Size: The bottles are 12″ tall with cap in place, and around 11 3/8″ tall without the cap in place. They are approx. 4″ in diameter at the base.
Glass: They are made from Cobalt Blue Glass. The manufacturer states that these bottles are pressure rated to 125 PSI, if the internal pressure goes above this amount, then the spring/washer will release the excess pressure. The manufacturer also told me that they have beverage producers that pasteurize directly in these bottles, so they’re pretty tough.
Tops: You can remove the spring tops from these bottles by pulling out on the springs away from the bottle (the end of the springs fit into a small indention on either side of the bottle top). If you don’t want to use the metal spring/plastic top, you can remove the top and use these bottles with a cork or plastic wrap. See photo below.
I’ve had customers ask about lead content and purity of the glass used in these bottles. You will not get any lead in your water from these bottles. Glass is inert and does not leech. You will not get lead in your water from the glass. The only way would be if you ground the glass down to a fine powder and digested it, then you could possibly absorb the small amounts of lead in the glass, because your stomach acids would have dissolved the glass.
All glass that uses any recycled material has detectable amounts of lead in it. This pretty much covers all glass bottles, whether produced in the US, Europe, Asia or anywhere else. The only way to get glass without detectable amounts of lead is to produce it from pure batch materials, which is called superflint, and costs quite a lot. I spoke the manufacturer and they don’t know if you can even make colored glass from pure superflint, all they knew about uses recycled glass in the mix.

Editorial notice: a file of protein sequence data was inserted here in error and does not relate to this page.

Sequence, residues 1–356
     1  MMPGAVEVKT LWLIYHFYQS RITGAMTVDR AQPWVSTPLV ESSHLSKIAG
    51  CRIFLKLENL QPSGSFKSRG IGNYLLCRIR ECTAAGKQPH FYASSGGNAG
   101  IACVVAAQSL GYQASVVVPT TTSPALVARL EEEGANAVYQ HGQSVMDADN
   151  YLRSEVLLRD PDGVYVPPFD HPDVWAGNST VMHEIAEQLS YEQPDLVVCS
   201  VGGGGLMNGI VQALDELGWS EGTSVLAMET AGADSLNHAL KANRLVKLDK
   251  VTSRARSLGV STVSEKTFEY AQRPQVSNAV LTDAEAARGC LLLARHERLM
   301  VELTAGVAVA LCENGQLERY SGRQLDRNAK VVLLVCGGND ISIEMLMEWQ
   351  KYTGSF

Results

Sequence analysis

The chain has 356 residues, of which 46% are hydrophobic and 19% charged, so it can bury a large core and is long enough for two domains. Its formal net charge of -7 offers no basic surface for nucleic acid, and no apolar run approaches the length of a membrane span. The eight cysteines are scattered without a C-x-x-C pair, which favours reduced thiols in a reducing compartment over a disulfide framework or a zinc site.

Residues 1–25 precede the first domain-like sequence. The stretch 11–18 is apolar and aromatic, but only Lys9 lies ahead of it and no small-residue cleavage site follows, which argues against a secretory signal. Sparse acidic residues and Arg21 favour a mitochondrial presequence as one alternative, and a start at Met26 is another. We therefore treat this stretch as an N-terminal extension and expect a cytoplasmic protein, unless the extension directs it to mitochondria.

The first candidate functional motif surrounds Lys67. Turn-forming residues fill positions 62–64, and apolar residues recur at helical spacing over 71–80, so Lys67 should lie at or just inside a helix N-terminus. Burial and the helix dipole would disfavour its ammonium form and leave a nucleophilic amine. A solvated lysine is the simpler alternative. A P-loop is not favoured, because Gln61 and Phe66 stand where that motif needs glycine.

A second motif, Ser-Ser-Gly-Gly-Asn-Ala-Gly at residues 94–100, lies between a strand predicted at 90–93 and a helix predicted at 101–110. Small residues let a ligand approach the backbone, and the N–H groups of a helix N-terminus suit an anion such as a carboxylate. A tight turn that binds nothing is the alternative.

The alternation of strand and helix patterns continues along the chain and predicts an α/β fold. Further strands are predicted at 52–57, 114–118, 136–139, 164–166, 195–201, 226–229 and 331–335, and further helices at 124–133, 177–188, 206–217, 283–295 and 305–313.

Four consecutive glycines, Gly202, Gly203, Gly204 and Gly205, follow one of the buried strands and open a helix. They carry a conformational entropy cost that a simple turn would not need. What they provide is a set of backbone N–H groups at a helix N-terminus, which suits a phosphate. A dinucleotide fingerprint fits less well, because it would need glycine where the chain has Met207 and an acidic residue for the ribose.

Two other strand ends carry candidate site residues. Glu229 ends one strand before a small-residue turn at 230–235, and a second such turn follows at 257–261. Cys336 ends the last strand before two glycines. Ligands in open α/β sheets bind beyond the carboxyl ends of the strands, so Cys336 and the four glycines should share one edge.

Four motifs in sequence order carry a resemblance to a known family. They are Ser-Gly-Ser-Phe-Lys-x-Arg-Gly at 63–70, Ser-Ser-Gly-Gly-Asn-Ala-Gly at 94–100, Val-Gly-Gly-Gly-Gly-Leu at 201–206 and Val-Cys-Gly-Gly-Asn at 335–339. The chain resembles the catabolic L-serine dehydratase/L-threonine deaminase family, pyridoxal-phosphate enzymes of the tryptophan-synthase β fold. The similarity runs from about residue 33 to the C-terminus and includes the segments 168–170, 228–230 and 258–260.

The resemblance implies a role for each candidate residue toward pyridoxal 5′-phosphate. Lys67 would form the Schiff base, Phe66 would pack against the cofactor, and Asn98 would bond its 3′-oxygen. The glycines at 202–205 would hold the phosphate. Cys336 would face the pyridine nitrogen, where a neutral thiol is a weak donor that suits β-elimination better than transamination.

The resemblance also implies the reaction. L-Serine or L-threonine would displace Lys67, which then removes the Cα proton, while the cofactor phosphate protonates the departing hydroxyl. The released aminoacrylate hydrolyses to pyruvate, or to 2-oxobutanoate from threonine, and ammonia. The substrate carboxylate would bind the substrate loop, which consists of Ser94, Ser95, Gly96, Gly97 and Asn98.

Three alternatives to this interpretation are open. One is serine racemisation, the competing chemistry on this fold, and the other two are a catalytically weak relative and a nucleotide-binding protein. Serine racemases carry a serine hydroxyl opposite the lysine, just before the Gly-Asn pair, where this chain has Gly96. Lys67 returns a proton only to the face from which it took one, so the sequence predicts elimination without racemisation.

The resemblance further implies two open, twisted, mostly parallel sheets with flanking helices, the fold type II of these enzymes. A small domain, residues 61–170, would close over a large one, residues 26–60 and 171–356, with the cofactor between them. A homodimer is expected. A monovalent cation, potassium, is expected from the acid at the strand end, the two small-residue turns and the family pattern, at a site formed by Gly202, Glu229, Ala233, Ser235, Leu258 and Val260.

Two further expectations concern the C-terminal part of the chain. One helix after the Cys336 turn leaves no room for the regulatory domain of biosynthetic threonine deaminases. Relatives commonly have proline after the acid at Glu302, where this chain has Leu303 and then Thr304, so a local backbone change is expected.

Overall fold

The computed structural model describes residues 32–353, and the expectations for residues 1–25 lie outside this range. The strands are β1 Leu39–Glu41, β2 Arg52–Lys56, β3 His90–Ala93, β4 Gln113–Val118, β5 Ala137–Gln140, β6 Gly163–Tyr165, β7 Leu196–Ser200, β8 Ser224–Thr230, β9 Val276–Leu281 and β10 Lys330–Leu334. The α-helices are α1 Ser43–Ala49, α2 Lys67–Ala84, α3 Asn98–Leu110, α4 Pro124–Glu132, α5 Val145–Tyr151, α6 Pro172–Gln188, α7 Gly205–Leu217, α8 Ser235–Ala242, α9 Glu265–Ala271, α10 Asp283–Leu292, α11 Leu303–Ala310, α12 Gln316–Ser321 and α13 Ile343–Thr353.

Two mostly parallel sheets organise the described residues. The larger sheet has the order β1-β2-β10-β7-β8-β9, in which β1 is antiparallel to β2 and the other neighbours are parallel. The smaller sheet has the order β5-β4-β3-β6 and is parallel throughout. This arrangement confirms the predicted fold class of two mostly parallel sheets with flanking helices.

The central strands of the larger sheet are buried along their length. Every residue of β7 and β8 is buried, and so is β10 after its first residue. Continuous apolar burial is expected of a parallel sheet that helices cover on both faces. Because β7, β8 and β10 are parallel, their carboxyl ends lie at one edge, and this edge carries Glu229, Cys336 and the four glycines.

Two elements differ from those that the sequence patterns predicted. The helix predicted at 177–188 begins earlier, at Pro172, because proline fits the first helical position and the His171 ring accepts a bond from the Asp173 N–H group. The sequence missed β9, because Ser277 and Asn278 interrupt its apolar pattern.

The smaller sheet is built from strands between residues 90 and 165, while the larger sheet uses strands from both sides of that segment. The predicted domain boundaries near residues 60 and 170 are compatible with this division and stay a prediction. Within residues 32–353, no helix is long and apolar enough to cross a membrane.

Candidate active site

EU has formal regulations on acceptable amounts of lead, which is 200 ppm. To the manufacturer’s knowledge, the US doesn’t have regulations for container glass, though the industry standard tends to be around 100 ppm or less for flint glass, around 200 ppm or less for colored glass. The current manufacturer of these bottles is in Canada and uses manufacturing facilities around the world… one of their suppliers, Taiwan Glass for example, has 4 furnaces and tests production from one or two furnaces pretty much every day, rotating between them so each furnace gets tested a few times per week. Lead is introduced through the recycled glass (called cullet) which is the largest component of glass, if the plant finds the lead levels rising on a furnace, they reduce the cullet amount.
Please Wash Bottles before Use!!!
NOTE: We will replace bottles that arrive broken that were damaged in shipment, however, we cannot replace bottles that break after received in good condition.
- Leave an inch to two inches of air at the top of the bottle to allow for temperature changes.
- Do not expose the glass to sudden changes in temperature… this WILL stress the glass and brake the bottle. It may not happen suddenly, but over repeated cycles.
- Do not fill a hot bottle with cold water, let the bottles cool down first.
- When you take the bottles outside and the bottles are cold, don’t place them on a hot metal or wood surface, instead, put something like cardboard or a cloth under them.
- This applies to bringing them inside… if the bottles are hot, don’t sit them directly on cold granite, marble, or other such surfaces… put them on something like a pot holder or cloth until they cool down.
- The reverse is true too, if it’s cold outside, don’t bring really cold bottles inside and sit them directly on a hot or really warm surface…
- Obviously letting a bottle with any amount of water in it freeze will result in a broken bottle!
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